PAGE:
A Professor of politics at the University of Salford has spoken out on the governments new proposals that will look to eliminate voter fraud in the UK. 

The proposals will mean that voters will have to bring an item of identification, such as a driver’s license or a passport, to the polling station, to prove their identity. 

Speaking to Salford Now’s live programme on Monday, Professor Martin Bull warned that recent trials of this new voting system had varied success.  

There was a trial done on local elections, there were pilot studies done in five areas, and the results of that were mixed, in one respect the operation went reasonably smoothly but in another respect some of the evidence showed a fairly evident correlation between the proportion of black and ethnic minority voters in these areas and those not voting. 

“So I think the concern is precisely that these measures if rolled out nationally, without very big supportive mechanisms may end up actually suppressing voting. 

Professor Bull speaks to Salford Now

When asked how these new measures would effect Salford residents, Professor Bull said, “I think the danger is that those who currently do not vote, are likely not to vote and many of those who come from minority backgrounds are likely not to vote as well”.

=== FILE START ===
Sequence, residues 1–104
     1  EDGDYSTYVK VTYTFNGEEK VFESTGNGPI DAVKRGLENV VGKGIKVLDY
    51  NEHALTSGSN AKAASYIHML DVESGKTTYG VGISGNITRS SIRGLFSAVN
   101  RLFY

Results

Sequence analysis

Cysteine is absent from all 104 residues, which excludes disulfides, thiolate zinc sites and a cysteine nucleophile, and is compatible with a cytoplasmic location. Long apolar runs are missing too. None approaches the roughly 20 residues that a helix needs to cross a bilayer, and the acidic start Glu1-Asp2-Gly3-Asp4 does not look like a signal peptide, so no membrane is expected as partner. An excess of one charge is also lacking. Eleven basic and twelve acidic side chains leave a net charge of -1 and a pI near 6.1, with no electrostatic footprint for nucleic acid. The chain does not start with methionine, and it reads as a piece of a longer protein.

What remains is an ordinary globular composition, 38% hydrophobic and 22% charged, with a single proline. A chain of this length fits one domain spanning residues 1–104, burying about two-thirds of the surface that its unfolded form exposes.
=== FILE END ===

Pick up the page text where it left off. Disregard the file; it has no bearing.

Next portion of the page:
Another critic of these new voting proposals is Labour leader Jeremy Corbyn who has similar reservations about how these proposals would effect ethnic minorities.  

Mr Corbyn said: “These plans are clearly discriminatory and a blatant attempt by the Tories to suppress voters, deny people their democratic rights and rig the result of the next general election.” 

Around 3.5 million people in the UK don’t have photographic identification. However, government sources have suggested a new free ID card could be made available. 

You can listen to Professor Martin Bull’s comments below. 


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